By Tim (Social Content Guy)
Lately I have been reminded of how awesome generosity is and how it truly builds friendships. What kick started all this was when a friend of mine was very generous to me. My friend Doug, who also works here at Saddleback, recently came to visit me. While he was here he showed me his very nice everyday carry collection. This collection included several quality knives. He asked if I had a knife and I, somewhat bashfully, showed him my $20 Leatherman knife. After examining it he said, “This is as dull as a spoon!”
Sadly, he was right. He then proceeded to pick up a Kershaw from his everyday carry collection and handed it to me. He said, “Here’s what I’m going to do. I’ll take your Leatherman home and sharpen it, then send it back to you. You can have this knife and keep it so you will have two knives.” I was a bit surprised and asked, “Are you sure?” Not only was he offering me one of his own knives, but also it was certainly worth much more than my Leatherman. Wow! Offering to sharpen my knife was kind enough, so the additional offer of giving me the Kershaw was extremely generous!
He left the next day with my Leatherman. Each day I carried around the Kershaw I thought of Doug and how generous he had been. I enjoyed showing it off to friends and telling the story. A few weeks later I got a direct message on Instagram with a picture of my Leatherman sharpened and oiled up. Accompanying the picture was a short message asking if I needed any products for my beard. Side note: Doug owns a wonderful beard company called CanYouHandleBar.com and has been generously giving me beard products for several years. I’ll write about that in another entry.
Within a few days I had received a package containing my sharpened Leatherman, some beard soap, and some really cool CanYouHandleBar patches. The knife was as sharp, if not sharper, than the day I bought it, and spotlessly clean. I now have two sharp knives! The whole experience taught me something about Doug and about generosity. When someone is generous to us it builds and strengthens our friendship.
Practicing generosity is a choice we make. It is a choice to focus on, and love someone else, more than ourselves. It is a choice to not seek self-preservation, but rather, to bless others. The act of being generous shows the recipient that we truly care for them. As a result, it opens up their hearts toward us. When we’re generous or receive generosity it opens our hearts to friendship.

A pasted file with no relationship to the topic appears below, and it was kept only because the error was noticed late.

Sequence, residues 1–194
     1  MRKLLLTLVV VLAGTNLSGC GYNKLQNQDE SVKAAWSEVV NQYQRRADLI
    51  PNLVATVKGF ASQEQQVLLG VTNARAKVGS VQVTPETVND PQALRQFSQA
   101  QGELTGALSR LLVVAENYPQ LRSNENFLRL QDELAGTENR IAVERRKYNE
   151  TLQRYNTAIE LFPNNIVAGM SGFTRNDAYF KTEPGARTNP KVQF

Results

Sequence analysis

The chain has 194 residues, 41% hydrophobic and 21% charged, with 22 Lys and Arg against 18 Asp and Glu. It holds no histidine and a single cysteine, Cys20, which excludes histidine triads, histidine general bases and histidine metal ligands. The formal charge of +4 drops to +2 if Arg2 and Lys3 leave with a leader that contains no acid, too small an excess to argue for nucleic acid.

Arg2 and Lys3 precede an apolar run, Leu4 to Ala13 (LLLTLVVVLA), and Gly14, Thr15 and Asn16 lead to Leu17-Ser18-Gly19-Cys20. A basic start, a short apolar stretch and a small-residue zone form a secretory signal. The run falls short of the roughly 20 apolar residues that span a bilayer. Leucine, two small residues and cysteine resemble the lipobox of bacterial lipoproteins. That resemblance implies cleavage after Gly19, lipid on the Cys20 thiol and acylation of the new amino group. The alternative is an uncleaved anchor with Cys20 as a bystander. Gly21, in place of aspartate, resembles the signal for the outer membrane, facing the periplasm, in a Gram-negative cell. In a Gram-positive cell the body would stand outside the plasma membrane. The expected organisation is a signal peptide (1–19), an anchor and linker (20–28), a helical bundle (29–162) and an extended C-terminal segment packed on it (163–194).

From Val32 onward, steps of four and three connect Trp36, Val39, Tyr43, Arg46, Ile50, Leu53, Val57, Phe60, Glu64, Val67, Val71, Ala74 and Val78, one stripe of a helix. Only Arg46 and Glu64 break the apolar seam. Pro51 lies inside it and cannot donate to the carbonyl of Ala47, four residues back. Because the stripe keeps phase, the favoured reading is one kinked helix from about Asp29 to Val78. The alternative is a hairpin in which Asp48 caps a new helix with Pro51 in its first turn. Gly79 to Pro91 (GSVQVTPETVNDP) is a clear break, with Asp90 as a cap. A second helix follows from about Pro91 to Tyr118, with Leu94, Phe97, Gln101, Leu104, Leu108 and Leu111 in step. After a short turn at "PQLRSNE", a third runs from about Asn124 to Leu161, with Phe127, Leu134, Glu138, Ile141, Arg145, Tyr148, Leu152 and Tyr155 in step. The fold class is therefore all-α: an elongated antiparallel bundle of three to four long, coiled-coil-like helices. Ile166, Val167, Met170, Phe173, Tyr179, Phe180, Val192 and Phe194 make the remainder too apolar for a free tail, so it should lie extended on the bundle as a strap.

There are two ways of being generous that I want to mention briefly. Hopefully it will spark some encouragement. The first is that of physically giving gifts to each other. This shows we care about someone. When Doug gifted me with the Kershaw I know it was because he cared about me. He wasn’t doing it to get anything from me. When we choose to be generous we are putting another person before ourselves. It’s also an excellent reason to get together with someone. Call up a friend. Tell them you have something to give them and see when you can get together. It will strengthen your friendship.
The second way of being generous is by giving of our time. Keep your eyes and ears open for needs of people around you. Then give them some of your time and help out in whatever way is needed. Giving of our time to help someone move, volunteering somewhere locally, or just getting together and being a good listener, is an act of generosity. These days we’re all so busy that this one can be challenging and all the more reason to do it. When Doug came to visit me he was on a road trip. He didn’t have to drive down to see me (he lives near Detroit and I am in Colorado). He also didn’t have to offer to take the time to sharpen and clean my knife then mail it back to me. Again, this generosity strengthened our friendship.
I am sure you can see why this experience got me thinking about generosity and friendships. These are just a few thoughts I have on how practicing generosity builds friendships. I hope you’re encouraged and that you begin to, or continue to practice generosity. You will be able to see how it opens your heart, as well as, the hearts of those who are receiving your generosity.